After watching the experiences of Nordstrom’s and L.L. Bean, some of my friends and clients have asked about the appropriate response if your brand is embroiled in one of President Trump’s tweets.
We live in a divided nation. 48% of voters cast ballots for Hillary Clinton, and 46% voted for Donald Trump. If you respond to a political situation in a way that can be viewed as favorable to one side, you alienate about half the electorate. My advice is to stay away from political topics unless you are engaged in an issue that is fundamental to your corporate DNA.
Skittles, and its parent company Wrigley, deftly sidestepped its involuntary depiction in the refugee controversy: “Skittles are candy. Refugees are people. We don’t feel it’s an appropriate analogy. We will respectfully refrain from further commentary as anything we say could be misinterpreted as marketing.”
Don’t politicize your brand if you can avoid it. One of Boeing’s core businesses, building aircraft for the government, was criticized in a presidential tweet. So it made sense for Boeing to defend its brand without inviting a fight. “We look forward to working with the U.S. Air Force on subsequent phases of the program allowing us to deliver the best planes for the president at the best value for the American taxpayer.”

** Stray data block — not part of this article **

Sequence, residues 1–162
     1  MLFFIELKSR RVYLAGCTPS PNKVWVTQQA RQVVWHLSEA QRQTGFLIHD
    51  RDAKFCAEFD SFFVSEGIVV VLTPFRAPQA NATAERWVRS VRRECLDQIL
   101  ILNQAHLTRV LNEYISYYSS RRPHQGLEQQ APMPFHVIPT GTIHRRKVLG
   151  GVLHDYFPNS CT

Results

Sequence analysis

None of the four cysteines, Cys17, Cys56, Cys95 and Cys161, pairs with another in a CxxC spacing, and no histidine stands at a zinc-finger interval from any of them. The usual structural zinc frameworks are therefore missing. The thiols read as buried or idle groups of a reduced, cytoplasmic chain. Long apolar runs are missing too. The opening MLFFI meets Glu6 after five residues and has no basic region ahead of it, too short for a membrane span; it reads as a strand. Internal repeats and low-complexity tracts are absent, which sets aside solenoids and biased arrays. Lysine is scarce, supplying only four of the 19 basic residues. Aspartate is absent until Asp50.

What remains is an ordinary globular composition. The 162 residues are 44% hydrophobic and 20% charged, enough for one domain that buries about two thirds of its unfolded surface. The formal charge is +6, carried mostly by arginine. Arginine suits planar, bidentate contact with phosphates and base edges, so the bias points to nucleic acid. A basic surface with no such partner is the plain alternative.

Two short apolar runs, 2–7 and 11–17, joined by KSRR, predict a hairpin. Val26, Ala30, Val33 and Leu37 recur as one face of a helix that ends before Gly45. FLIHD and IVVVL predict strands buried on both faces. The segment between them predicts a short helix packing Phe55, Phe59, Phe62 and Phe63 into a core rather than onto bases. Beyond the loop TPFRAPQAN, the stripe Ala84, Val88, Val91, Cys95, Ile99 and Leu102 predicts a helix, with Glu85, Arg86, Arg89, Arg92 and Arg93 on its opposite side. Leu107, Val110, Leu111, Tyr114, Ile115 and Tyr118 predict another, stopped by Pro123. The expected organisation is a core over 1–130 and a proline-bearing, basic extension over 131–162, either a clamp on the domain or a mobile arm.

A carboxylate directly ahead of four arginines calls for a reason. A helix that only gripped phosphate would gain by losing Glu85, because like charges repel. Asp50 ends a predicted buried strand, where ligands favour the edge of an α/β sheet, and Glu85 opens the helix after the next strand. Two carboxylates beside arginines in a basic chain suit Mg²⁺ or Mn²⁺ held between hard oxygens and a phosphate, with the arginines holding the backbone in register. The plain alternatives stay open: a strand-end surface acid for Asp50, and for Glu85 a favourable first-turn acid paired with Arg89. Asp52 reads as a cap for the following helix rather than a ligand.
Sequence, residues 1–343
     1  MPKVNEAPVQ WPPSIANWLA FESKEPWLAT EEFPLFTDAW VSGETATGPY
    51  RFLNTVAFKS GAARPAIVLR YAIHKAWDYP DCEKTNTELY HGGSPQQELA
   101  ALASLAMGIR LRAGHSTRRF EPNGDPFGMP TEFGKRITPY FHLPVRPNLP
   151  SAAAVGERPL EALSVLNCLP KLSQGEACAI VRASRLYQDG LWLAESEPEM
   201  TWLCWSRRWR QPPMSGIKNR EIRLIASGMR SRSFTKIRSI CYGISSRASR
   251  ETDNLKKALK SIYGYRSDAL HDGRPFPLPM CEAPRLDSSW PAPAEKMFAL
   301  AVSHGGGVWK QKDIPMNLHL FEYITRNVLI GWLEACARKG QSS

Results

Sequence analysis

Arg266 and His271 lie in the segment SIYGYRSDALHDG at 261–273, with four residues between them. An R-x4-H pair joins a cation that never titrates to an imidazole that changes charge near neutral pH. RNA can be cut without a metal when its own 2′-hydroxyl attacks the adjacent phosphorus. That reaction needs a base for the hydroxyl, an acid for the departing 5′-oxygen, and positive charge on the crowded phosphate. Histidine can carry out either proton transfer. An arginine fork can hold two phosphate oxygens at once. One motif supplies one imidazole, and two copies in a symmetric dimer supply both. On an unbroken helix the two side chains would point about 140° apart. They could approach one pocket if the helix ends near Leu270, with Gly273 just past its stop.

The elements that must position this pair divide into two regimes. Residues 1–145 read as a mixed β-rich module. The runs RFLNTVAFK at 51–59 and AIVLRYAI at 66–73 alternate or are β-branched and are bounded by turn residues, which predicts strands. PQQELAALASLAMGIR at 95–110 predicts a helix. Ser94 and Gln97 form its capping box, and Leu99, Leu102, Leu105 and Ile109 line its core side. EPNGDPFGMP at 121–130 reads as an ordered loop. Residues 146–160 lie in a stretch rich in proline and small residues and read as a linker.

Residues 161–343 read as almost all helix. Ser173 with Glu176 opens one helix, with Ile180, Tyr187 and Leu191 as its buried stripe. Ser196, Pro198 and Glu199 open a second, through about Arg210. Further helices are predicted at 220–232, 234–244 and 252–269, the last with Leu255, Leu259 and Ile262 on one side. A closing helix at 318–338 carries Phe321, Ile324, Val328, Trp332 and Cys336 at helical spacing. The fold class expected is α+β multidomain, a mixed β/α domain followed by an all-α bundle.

Six factors every brand should consider when taking a political stance:
- Does the issue affect your brand’s core DNA?
- Are you aligned with credible partners?
- Collect and leverage relevant data.
- Have clearly articulated policies.
- Remember that customers and employees, regardless of political orientation, are your friends.
- Consider actions in your brand’s overall context. Timing is key.
General Motors, Amazon, Delta, Starbucks, Carrier, The New York Times, and even Ivanka Trump fashions have all been forced to navigate the perilous waters of today’s political environment. Proceed with caution.
You need additional answers? We’ve got them. Please join us on Tuesday, March 7th for a live global webinar as we explore the depths of How Your Brand Can Weather A Political “Tweet Storm.”
Date: Tuesday, March 7, 2017 at 1-2pm EST, 12-1pm CST
Register here: After your request has been approved, you’ll receive instruction for joining the meeting